While Google waits for news about its proposed book search settlement with authors and publishers, it’s about to face a new legal challenge. The Financial Times reports that the American Society of Media Photographers and related trade groups are expected to file a new, class action lawsuit over the images that appear in the books Google has been scanning.
The Financial Times spoke with James McGuire, the attorney who’s leading the ASMP’s case, who said this:
Google is scanning in books and publications with visual images, which impedes the rights of the copyright holders of those images. We are seeking compensation for that…. We are not trying to crash the party or influence what is happening with the other class action. We are just trying to get the best possible result for this class of plaintiffs.
The paper says other plaintiffs will include the Graphic Artists Guild, the Picture Archive Council of America, the North American Nature Photography Association, and the Professional Photographers of America.
The lawsuit stems from a federal court decision that excluded photographers and creators of other visual materials in those books from participating in the existing authors/publishers settlement. According to the ASMP web site, Judge Denny Chin, who’s overseeing the case, said it would “put the entire settlement at risk” to include these groups, and suggested that “from the perspectives of fairness and efficiency, it makes more sense for (ASMP) to file their own lawsuit than to … delay this lawsuit.”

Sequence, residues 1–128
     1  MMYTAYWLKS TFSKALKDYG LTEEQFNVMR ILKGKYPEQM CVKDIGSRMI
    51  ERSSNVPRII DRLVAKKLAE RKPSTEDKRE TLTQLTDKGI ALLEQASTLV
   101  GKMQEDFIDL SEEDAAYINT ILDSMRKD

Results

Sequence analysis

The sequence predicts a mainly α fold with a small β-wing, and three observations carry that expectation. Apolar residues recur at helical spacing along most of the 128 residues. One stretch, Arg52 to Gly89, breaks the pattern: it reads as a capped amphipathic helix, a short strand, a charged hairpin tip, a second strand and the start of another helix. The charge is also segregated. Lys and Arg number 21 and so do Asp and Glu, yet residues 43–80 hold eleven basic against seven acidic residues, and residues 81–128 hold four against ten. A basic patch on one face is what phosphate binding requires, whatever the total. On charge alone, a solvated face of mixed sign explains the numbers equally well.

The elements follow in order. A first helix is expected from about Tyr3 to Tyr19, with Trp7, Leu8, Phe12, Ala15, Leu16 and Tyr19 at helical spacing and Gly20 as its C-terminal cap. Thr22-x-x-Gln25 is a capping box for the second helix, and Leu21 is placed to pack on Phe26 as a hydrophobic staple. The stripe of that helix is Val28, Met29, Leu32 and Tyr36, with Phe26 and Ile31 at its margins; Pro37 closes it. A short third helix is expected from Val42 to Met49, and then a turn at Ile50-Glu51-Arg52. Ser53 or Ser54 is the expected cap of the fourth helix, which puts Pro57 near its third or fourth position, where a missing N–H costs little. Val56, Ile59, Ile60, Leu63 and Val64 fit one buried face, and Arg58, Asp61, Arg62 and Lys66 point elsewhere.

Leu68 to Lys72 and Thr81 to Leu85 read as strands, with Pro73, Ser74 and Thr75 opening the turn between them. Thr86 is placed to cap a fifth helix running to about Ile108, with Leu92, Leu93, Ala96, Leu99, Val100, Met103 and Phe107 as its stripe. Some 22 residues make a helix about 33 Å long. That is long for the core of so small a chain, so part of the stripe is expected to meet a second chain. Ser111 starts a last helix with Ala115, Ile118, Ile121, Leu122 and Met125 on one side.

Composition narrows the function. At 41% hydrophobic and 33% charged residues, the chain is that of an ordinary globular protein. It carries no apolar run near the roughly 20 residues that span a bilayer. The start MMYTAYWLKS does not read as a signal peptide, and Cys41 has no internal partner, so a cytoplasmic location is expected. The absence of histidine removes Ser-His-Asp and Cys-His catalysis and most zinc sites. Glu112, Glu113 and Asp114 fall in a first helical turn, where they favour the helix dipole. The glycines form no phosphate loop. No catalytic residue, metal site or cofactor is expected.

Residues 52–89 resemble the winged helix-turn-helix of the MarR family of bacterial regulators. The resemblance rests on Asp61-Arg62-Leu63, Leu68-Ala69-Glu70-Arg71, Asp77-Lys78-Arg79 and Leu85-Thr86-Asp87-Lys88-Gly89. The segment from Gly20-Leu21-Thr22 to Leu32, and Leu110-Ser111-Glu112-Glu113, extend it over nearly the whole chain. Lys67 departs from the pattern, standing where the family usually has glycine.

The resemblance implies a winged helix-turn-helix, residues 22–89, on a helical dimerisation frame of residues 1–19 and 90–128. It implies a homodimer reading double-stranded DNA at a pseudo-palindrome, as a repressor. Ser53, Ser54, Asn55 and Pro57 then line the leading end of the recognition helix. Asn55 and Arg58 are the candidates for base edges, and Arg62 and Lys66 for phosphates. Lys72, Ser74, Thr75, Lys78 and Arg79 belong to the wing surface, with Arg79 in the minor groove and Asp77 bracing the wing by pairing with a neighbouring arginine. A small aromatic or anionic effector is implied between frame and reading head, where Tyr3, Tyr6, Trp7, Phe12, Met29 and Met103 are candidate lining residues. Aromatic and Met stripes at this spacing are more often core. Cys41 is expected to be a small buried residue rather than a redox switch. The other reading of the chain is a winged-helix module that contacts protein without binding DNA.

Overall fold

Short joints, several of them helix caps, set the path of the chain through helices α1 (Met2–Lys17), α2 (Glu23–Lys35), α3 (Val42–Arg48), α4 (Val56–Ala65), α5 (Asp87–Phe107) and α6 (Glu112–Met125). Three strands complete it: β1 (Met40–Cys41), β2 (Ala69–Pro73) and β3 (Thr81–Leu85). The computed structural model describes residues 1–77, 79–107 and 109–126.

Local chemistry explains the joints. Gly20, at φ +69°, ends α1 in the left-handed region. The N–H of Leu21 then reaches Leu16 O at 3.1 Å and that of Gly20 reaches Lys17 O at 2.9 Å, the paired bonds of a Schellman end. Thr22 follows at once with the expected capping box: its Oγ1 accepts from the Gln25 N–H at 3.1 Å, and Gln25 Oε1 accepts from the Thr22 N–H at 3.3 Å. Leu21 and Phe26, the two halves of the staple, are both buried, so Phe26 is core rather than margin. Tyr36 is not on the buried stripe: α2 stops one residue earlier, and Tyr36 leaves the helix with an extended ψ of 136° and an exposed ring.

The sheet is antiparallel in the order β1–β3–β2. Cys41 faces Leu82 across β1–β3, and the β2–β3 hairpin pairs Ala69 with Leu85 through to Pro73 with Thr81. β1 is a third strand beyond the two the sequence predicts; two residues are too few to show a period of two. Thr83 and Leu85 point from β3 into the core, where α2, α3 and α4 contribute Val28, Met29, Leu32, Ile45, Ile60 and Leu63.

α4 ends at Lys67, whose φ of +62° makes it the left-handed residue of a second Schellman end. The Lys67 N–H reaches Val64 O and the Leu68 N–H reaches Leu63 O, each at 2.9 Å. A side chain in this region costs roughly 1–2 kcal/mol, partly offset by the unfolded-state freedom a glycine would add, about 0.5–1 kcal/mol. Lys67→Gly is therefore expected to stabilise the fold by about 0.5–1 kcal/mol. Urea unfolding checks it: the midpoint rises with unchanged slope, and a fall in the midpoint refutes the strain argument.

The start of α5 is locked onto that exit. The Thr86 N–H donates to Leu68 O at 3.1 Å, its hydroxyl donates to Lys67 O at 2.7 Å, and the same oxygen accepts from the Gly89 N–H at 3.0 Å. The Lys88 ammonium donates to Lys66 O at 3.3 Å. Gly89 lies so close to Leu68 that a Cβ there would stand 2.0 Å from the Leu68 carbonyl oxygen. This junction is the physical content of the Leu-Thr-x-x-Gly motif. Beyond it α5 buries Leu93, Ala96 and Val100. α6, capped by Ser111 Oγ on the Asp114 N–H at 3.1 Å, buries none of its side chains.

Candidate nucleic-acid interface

And that appears to be exactly what the ASMP is about to do.
Postscript, April 7: As expected, the ASMP and a number of other plaintiffs did file a class action copyright infringement suit against Google today in U.S. District Court. Here’s some of the relevant text from the ASMP’s news release:
The new class action goes beyond Google’s Library Project, and includes Google’s other systematic and pervasive infringements of the rights of photographers, illustrators and other visual artists.
This action by ASMP and its sister organizations was taken in order to protect the interests of owners of copyrights in visual works from the massive and organized copying and public display of their images without regard to their contributions and rights to fair compensation. According to ASMP Executive Director Eugene Mopsik, “Through this suit, we are fulfilling the missions of our organizations and standing up for the rights of photographers and other visual artists who have been excluded from the process up to now. We strongly believe that our members and those of other organizations, whose livelihoods are significantly and negatively impacted, deserve to have representation in this landmark issue.” ASMP General Counsel Victor Perlman said, “We are seeking justice and fair compensation for visual artists whose work appears in the twelve million books and other publications Google has illegally scanned to date. In doing so, we are giving voice to thousands of disenfranchised creators of visual artworks whose rights we hope to enforce through this class action.”
Postscript #2: In a brief conversation this morning, Julian Perlman, one of the lead attorneys for the plaintiffs, clarified the text above that this lawsuit “goes beyond Google’s Library Project.” Perlman says the original suit by publishers and authors was focused on Google’s library book scanning efforts, while today’s suit also includes Google’s “Partner Program” (which allows book publishers to provide Google with copies of their books) and a similar partnership with publishers of periodicals for scanning of their works.